The proposed diploma options would take effect in the 2018-19 school year. Students entering grades 10, 11 and 12 in the 2017-18 school year who are currently in a course of study that leads to the MOD option must get parental permission to remain on the MOD track. Otherwise, their Individualized Education Program team would be encouraged to consider a course of study that leads to a traditional diploma.

The traditional diploma will require all students graduating from Mississippi high schools to have the same basic requirements and to earn 24 Carnegie Units. After meeting the traditional diploma requirements, students can take additional CTE coursework to meet the requirements for the CTE endorsement or advanced, college-preparation coursework to earn an academic or distinguished academic endorsement. The CTE and academic endorsements require students to earn 26 Carnegie Units. Students must earn 28 Carnegie Units to qualify for the distinguished academic endorsement.

“The diploma endorsement options will encourage students take advantage of their senior year in high school to earn a credential that will benefit them in college, postsecondary training or the workforce,” Wright said.

The alternate diploma is designed for the approximately 1 percent of students who have met the criteria on their IEP for having a significant cognitive disability. This diploma requires students earn 24 credits in an alternate course of study. The alternate diploma is not equivalent to the traditional high school diploma and is not recognized by postsecondary entities that require a high school diploma. However, the alternate diploma certifies that a student with a significant cognitive disability has successfully completed a course of study aligned to academic standards.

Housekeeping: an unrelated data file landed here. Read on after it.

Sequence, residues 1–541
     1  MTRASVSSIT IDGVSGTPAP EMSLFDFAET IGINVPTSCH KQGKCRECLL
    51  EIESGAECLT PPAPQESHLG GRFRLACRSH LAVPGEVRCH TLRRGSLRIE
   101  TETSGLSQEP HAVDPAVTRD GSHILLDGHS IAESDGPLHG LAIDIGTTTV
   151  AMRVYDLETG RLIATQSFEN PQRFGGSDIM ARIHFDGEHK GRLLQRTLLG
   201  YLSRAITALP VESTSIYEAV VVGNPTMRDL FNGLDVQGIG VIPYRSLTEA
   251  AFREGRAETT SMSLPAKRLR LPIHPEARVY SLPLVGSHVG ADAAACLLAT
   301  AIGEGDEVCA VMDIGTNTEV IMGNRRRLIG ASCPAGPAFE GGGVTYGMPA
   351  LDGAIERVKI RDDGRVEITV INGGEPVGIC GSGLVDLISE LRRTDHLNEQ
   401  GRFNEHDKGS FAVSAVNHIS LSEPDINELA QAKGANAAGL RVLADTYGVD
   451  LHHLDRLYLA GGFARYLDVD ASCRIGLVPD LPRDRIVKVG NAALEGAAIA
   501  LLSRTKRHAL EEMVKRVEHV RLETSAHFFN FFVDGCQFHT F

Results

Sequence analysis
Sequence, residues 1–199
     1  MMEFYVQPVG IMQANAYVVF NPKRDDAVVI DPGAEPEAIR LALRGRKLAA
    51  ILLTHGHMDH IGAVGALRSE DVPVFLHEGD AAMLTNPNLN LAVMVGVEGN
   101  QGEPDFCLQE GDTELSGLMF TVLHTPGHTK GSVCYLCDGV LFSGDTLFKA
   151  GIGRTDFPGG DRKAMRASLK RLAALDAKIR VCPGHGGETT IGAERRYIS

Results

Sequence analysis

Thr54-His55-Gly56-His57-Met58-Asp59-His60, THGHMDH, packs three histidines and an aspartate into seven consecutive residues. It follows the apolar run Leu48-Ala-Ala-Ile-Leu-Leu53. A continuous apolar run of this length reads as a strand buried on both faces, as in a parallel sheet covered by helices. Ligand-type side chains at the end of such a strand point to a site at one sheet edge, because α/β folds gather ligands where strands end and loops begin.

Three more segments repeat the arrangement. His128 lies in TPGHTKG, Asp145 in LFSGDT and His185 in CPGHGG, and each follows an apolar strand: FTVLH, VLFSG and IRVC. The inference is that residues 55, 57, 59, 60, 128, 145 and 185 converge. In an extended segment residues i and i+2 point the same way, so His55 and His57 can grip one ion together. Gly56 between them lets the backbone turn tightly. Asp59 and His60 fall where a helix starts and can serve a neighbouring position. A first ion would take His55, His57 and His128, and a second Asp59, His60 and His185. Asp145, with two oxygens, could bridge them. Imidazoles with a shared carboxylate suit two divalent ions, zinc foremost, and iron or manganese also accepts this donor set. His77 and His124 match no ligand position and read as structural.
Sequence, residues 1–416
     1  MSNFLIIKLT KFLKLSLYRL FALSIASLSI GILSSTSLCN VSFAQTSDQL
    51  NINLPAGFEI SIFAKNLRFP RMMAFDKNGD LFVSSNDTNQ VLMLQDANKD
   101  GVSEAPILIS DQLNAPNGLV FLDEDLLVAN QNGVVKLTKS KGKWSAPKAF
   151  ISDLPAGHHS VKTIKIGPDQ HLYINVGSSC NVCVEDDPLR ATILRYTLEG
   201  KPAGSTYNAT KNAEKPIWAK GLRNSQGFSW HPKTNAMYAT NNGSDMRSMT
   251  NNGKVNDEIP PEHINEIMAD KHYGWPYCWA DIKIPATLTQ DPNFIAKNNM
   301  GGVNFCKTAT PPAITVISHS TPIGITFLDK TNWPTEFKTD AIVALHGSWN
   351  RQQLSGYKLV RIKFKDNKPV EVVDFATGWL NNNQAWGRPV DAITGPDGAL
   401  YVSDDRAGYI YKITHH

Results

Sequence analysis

“The proposed diploma options will ensure that the vast majority of Mississippi’s students are getting the instruction they need to earn a traditional high school diploma. Our students deserve the opportunity to graduate with a diploma that is recognized by employers, postsecondary institutions, the military and colleges and universities,” Wright said.

Oral proceedings are scheduled on Aug. 22 at 6 p.m. and Aug. 24 at 2 p.m. at the auditorium at the Central High School Building at 359 N. West St. in Jackson.

Written comments can be submitted to Jo Ann Malone in the Office of Accreditation at accreditation@mdek12.org. All comments must be received in Malone’s office by 5 p.m. Aug. 31. Comments will be presented to the board Sept. 14.